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Consecutive nightly measurements are needed for accurate evaluation of nocturnal erectile capacity when the first-night laboratory recording is abnormal

 Department of Infertility and Sexual Medicine, The Third Affiliated Hospital, Sun Yat-sen University, Guangzhou 510630, China

Correspondence Address:
Yan Zhang,
Department of Infertility and Sexual Medicine, The Third Affiliated Hospital, Sun Yat-sen University, Guangzhou 510630
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Source of Support: None, Conflict of Interest: None

DOI: 10.4103/aja.aja_40_19

PMID: 31134919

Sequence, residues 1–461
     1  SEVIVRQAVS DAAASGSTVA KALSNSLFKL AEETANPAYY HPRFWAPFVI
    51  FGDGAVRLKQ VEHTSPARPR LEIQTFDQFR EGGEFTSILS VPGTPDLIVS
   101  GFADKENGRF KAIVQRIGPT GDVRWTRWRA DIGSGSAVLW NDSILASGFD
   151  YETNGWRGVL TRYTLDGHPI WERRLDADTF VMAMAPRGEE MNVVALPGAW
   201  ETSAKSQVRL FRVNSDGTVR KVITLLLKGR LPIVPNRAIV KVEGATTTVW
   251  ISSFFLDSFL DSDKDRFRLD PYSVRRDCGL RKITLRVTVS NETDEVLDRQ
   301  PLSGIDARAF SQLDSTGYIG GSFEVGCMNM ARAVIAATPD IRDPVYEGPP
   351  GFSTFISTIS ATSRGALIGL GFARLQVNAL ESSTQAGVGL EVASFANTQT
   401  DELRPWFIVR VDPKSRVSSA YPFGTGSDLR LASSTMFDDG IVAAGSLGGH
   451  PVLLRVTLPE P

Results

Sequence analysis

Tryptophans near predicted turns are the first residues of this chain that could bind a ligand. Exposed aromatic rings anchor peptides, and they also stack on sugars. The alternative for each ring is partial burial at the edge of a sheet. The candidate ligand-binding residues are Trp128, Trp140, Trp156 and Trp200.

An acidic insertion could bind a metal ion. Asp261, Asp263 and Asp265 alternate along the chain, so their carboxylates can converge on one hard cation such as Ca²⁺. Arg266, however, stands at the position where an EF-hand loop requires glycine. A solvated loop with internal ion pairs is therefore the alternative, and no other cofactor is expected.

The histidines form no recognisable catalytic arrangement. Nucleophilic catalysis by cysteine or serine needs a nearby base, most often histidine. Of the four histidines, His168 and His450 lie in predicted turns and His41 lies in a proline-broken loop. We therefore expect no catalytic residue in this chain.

Multiple measurements of nocturnal penile tumescence and rigidity (NPTR) are widely accepted as a method to differentiate psychogenic erectile dysfunction (ED) from organic ED. However, direct evidence remains limited regarding the first-night effect on NPTR measurement using the RigiScan. Here, we evaluated the first-night effect on the results of NPTR measurement to validate the necessity of NPTR measurement for two consecutive nights, particularly when abnormal first-night measurements are recorded in a laboratory setting. We retrospectively reviewed 105 patients with a complaint of ED, who underwent NPTR measurement using the RigiScan in the Department of Infertility and Sexual Medicine, the Third Affiliated Hospital of Sun Yat-sen University (Guangzhou, China), for two consecutive nights, during the period from November 2015 to May 2016. NPTR parameters were collected and analyzed. We found that more effective nocturnal erections were detected during the second night than during the first night (P <0.001). Twenty percent of all patients had no effective erection during the first night, but exhibited at least one effective erection during the second night. The negative predictive value of NPTR measurement during the first night was 43.2%; this was significantly lower than that on the second night (84.2%; P = 0.003). Most NPTR parameters were better on the second night than on the first night. The first-night effect might be greater among patients younger than 40 years of age. In conclusion, two consecutive nightly measurements of NPTR can avoid a false-abnormal result caused by the first-night effect; moreover, these measurements more accurately reflect erectile capacity, especially when the first-night record is abnormal in a laboratory setting.

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